Several of Ed's recordings from that era were released on a Detroit-based Motown subsidiary,
including "Look at the Clock Up There," "Richard Cory," and "Dream, Woman, Dream."
Ed also played with bands, including Kathy Lynn & the Playboys, with whom he would play again in
later years. The year 1967 brought "Drift on You Bum" on the Buffalo - based GJM label, and "The
Fool" was recorded 1968.
Among the great Buffalo studio musicians appearing on Ed's records during that time were Tommy
Calandra, Gary Mallaber - who went on to play with the Steve Miller Band - and Stan (Szelest) and the
Ravens, who later worked with Lonnie Mack, Ronnie Hawkins and the Band.
Ed flew to Nashville in 1969 to record "Little Children Run and Play" for Paula Records, a label out
of Shreveport, LA.
After 1969, Bentley elected to shelve the recording career for a while, opting instead to pursue
another area of the music business. In 1971 he opened the Ed Bentley Music Center in Buffalo, where
he sold musical instruments - catering to his fellow musicians. He was also still going strong with his
music, playing honky tonks and shows with the likes of Merle Haggard, Rose Maddox and Buffalo's
legendary Stone Country Band.
From 1980 to 1982 he was a district sales manager for Gibson Guitar Co., traveling between Detroit,
Michigan and Cleveland, Ohio.
He decided in 1985 to return to his rural roots, and settled in the small community of Delevan, NY -
about 40 miles southeast of Buffalo.
Ed has since worked as a salesman, stockbroker, and eventually, an insurance agent - a position that
has allowd him to become an independent agent and ultimately own his own firm.
Although he put down his guitar, for the most part, over those years, Ed still had the occasion to
play with local bands for events around the area. He was contacted in 2004 by former bandmates from
Kathy Lynn and the Playboys - now known as Solid Grease - and immediately signed on.
Solid Grease now performs hit music of the 50's, 60's and 70's at different venues throughout Western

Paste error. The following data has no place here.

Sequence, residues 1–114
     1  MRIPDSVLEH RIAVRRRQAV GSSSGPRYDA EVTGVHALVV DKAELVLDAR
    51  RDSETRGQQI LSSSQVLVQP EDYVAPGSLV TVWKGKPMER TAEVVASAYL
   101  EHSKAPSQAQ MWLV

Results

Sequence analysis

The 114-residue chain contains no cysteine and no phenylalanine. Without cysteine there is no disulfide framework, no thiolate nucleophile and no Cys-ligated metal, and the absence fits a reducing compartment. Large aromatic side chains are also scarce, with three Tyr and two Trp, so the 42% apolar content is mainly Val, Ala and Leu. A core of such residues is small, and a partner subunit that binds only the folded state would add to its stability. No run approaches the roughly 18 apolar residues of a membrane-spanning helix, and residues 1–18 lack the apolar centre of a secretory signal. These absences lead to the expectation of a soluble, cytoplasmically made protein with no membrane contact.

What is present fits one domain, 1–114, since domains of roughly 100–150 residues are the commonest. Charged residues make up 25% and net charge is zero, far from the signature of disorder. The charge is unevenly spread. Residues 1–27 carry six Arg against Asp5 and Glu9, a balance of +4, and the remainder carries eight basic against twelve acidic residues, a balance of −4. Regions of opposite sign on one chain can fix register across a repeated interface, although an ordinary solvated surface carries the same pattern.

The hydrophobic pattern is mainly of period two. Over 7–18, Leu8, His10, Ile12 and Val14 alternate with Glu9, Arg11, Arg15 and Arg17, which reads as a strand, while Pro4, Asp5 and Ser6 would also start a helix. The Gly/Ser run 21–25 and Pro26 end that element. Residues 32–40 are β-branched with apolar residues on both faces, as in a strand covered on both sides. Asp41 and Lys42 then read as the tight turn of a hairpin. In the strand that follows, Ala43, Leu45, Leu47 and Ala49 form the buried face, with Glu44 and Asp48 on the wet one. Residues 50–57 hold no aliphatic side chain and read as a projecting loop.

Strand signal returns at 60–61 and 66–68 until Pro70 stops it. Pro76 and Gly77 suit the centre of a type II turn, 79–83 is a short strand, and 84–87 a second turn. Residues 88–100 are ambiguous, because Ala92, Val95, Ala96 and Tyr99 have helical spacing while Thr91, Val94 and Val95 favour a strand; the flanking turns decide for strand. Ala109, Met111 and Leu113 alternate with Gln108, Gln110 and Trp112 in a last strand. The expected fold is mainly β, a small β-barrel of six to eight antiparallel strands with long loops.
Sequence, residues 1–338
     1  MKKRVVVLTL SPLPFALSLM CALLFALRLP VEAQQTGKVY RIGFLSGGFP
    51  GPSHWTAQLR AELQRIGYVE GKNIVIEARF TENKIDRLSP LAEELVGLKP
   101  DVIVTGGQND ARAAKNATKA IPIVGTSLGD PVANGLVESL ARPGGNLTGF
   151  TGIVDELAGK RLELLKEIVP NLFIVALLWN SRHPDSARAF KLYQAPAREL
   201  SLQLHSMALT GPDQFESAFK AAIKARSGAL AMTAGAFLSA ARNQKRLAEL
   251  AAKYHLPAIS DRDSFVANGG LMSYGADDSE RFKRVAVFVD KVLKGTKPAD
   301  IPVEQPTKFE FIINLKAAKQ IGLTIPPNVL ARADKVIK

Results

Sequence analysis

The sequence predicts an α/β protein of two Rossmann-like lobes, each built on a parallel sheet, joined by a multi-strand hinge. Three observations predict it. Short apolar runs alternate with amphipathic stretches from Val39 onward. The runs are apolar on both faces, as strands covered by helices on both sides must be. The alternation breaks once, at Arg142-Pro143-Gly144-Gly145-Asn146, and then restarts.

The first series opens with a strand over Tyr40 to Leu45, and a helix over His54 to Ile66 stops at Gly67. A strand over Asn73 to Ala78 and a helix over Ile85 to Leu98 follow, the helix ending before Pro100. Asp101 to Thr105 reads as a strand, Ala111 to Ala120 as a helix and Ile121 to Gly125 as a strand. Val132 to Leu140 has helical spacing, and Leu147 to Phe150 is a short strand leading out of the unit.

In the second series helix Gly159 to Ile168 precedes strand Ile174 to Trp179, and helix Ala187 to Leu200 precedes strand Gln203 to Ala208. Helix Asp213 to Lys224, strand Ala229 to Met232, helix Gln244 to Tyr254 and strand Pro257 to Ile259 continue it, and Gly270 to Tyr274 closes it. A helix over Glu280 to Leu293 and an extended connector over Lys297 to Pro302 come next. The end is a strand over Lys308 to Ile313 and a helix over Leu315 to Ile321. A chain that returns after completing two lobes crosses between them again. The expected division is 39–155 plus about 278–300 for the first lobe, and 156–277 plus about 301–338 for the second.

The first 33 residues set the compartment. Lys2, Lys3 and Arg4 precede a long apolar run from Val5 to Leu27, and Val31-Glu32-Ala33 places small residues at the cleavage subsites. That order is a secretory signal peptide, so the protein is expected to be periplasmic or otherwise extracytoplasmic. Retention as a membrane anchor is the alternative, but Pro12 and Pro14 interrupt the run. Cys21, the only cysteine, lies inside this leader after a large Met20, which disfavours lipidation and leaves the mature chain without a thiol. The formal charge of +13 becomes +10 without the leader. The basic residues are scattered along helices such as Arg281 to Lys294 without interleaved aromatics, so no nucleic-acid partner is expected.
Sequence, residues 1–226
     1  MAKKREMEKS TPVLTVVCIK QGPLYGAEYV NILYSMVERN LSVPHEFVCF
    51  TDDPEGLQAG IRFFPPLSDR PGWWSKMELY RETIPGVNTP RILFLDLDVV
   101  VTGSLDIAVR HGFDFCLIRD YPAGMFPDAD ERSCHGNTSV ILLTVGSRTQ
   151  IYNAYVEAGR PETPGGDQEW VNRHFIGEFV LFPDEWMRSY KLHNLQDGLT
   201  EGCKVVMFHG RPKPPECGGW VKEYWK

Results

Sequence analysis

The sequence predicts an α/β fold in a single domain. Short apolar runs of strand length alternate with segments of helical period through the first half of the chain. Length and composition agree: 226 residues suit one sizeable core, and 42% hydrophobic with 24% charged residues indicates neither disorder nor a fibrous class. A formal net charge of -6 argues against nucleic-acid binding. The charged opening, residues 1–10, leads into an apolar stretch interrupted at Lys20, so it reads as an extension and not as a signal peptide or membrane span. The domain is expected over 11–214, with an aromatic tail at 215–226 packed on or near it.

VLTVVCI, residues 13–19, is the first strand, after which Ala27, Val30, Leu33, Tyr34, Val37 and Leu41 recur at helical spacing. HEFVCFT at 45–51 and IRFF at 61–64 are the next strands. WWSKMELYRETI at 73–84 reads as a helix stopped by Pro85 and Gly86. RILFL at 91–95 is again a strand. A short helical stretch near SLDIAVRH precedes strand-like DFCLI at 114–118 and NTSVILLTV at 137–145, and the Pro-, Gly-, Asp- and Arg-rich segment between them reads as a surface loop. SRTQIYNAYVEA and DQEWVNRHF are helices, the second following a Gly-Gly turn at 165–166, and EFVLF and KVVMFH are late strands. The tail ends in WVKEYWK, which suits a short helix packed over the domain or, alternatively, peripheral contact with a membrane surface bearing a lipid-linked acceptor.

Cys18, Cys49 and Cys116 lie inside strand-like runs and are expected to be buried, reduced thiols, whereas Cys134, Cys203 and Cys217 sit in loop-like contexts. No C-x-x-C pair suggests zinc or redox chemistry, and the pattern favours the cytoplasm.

New York. They've received rave reviews and enthusiastic endorsement.
In 2005 Ed was inducted into the Rockabilly Hall of Fame.
"After we found him to be the 'real deal,' he was brought into the fold," said founder Bob Timmers.
"These veterans should receive their much deserved recognition. That's our purpose and it has great
rewards, especially when cats like Ed are still giggin' and recording."
With his creative jucies still flowin', Ed just put the finishing touches on his new CD "Here We Go
Again," available through this website.
He's seen his love of music transcend the generations, and noted that his three children and four
grandchildren all have an affinity for playing music. He sitll finds time to jam with his bandmates,
and commune with people who love the music of an unfrogettable era.
Like his hero, Johnny Cash, Ed Bentley sitll "walks the line."
Newspaper article from Arcade Hearald, Thursday, November 18, 2004.
"Solid Grease" Brings
Rock 'n' Roll to Yorkshire
On Saturday, November 20, the Town of Yorkshire was hoppin' to the rock 'n' roll sounds of "Solid
Grease." The band is made up of Ray Baker of Blasdell (saxophone, vocals), Nick and Kathy Ameno of Wheatfield
(guitar, vocals and sax, keyboard and vocals), their son, Terry Ameno of Wheatfield (drums) and Ed
Bentley (bass). Bentley is a local resident, who lives in Delevan and works in Yorkshire.
Many years ago, when the band first started playing venues, they were known
as "Kathy and the Playboys."
"We were part of Motown," says Bentley, "and toured all over the United States and Canada."
The popular band was backing up such well-known rock 'n' roll pioneers as Fabian, Dion and the
Belmonts, Frankie Avalon and many more.
"We were real," says Bentley, adding that Tommy Shannon, now a disc jockey with Oldies WHTT, had been the
Bentley left the band for a while and has since focused on his career in insurance: however, his
former bandmates recently called him back to join them in their newly-named hand, "Solid
"I've been in 'storage' for about 15 years," he says. "But they got me out of the
Collectively, the members of Solid Grease have over 100 years of musical experience and perform hits
from the 50's, 60's and 70's.
Updated June, 2005
©Rockabilly Hall of Fame ®